2B.3 Impact of Updated Wet Scavenging Processes in GEOS-Chem on Global Simulation of Nitric Acid and Aerosols: Comparisons with U.S., European, and East Asian Surface and ATom Aircraft Measurements

Monday, 13 January 2020: 11:00 AM
206B (Boston Convention and Exhibition Center)
Gan Luo, Univ. at Albany, SUNY, Albany, NY; and F. Yu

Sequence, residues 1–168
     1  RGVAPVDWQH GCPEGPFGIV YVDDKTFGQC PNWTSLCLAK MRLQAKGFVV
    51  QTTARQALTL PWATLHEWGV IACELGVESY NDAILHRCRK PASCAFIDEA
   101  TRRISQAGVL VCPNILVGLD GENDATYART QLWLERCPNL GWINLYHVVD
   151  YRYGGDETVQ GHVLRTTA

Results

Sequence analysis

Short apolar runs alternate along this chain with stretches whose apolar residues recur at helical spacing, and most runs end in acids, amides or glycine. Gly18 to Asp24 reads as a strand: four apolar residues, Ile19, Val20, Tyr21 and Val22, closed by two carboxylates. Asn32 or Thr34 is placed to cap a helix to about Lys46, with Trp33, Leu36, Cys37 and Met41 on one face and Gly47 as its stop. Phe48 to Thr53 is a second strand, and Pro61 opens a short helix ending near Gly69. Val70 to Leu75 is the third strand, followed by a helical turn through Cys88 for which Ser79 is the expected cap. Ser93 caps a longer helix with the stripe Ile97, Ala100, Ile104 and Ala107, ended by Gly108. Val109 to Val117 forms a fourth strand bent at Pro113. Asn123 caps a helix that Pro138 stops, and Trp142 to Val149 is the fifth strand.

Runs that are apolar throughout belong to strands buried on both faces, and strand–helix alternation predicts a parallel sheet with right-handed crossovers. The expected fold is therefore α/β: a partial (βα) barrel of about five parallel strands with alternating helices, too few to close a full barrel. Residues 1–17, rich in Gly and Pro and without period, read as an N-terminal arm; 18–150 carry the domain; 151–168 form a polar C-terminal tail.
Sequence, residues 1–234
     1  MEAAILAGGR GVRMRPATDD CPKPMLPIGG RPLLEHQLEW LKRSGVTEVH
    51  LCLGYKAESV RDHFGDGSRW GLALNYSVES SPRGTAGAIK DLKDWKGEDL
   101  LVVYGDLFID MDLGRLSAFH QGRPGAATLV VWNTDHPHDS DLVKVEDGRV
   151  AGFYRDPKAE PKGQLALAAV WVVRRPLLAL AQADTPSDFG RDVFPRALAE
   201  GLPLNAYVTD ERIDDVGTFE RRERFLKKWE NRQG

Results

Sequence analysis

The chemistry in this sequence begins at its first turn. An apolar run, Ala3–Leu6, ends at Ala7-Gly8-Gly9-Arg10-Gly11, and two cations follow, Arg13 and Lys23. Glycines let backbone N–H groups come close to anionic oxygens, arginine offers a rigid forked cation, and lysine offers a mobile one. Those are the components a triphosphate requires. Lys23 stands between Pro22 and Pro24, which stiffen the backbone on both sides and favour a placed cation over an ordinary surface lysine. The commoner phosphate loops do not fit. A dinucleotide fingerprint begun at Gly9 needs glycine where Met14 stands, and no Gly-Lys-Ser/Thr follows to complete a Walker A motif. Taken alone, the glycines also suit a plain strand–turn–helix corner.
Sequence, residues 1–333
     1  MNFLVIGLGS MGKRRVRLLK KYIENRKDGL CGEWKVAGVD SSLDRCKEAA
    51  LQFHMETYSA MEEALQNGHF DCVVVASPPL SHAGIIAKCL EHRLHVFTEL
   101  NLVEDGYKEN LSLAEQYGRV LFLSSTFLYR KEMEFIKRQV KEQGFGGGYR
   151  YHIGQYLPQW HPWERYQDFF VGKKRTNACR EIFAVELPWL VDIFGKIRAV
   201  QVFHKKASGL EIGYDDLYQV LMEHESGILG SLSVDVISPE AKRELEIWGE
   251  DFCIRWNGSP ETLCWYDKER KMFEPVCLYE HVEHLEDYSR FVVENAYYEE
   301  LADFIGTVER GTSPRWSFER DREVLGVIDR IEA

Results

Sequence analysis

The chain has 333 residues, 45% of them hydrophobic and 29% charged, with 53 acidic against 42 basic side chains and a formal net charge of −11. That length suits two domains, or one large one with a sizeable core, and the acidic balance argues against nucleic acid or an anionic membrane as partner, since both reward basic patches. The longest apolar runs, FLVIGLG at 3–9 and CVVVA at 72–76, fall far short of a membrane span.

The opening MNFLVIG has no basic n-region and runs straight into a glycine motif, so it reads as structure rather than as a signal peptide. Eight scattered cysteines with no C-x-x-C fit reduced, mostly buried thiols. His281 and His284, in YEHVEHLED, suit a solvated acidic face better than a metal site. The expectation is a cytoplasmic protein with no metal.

Wet scavenging is one of the most important sinks of atmospheric aerosols and their precursors, impacting significantly global mass loading of these species. Recently we found that the considering of in-cloud condensation water variability (ICCWV) and empirical wash rates (EWR) in GEOS-Chem wet scavenging processes dramatically improved model-simulated nitric acid, nitrate, and ammonium over the US. However, further studies are needed to assess the impacts of the updated wet scavenging processes (UWSP) on other species and the performances of model simulation in other regions. In this work, we proposed new updates of rainout efficiencies and the uptakes by cirrus cloud in addition to ICCWV and EWR. We compared simulated surface mass concentrations of nitric acid, nitrate, ammonium, sulfate, black carbon, and organic carbon over the US and Europe and found that model running with the UWSP improved the agreement with measurements at these surface monitoring networks for most species. Observed annual mean surface mass concentrations of these species at EMEP sites are 0.7, 2.1, 1.0, 1.4, 0.5, 2.2 µg m-3, respectively. After considering the UWSP, these values are changed from 1.6 to 0.6, 5.2 to 2.6, 2.1 to 1.3, 1.4 to 1.2, 0.5 to 0.5, and 1.5 to 1.4 µg m-3, respectively. We also validated the simulated and observed nitric acid, nitrate, ammonium, and sulfate surface mass concentrations at EANET sites over East Asia. The comparison shown that normalized mean biases of these species are changed from 312 % to 67 %, 162 % to 43 %, 123 % to 64 %, and -1 % to -12 %, respectively. Furthermore, we compared model simulation with aircraft measurement of nitric acid and aerosols during ATom-1 and ATom-2 periods and found seasonal variation and vertical profile of these species have been successfully improved by considering the UWSP. The overestimations of nitric acid below 400 hPa during ATom-1 and ATom-2 and the underestimations of nitric acid above 300 hPa during ATom-1 have been reduced. The employment of UWSP also significantly reduced the overestimations of nitrate, ammonium, and sulfate during ATom-2 and the overestimations of nitrate above 400 hPa during ATom-1. The UWSP slightly enhanced simulated organic carbon above 700 hPa and made the values closer to the observation. Our study indicated that the UWSP can improve the skill of global modeling of nitric acid and various aerosols. The impact of UWSP on global mass loading of nitric acid and aerosols will be discussed.
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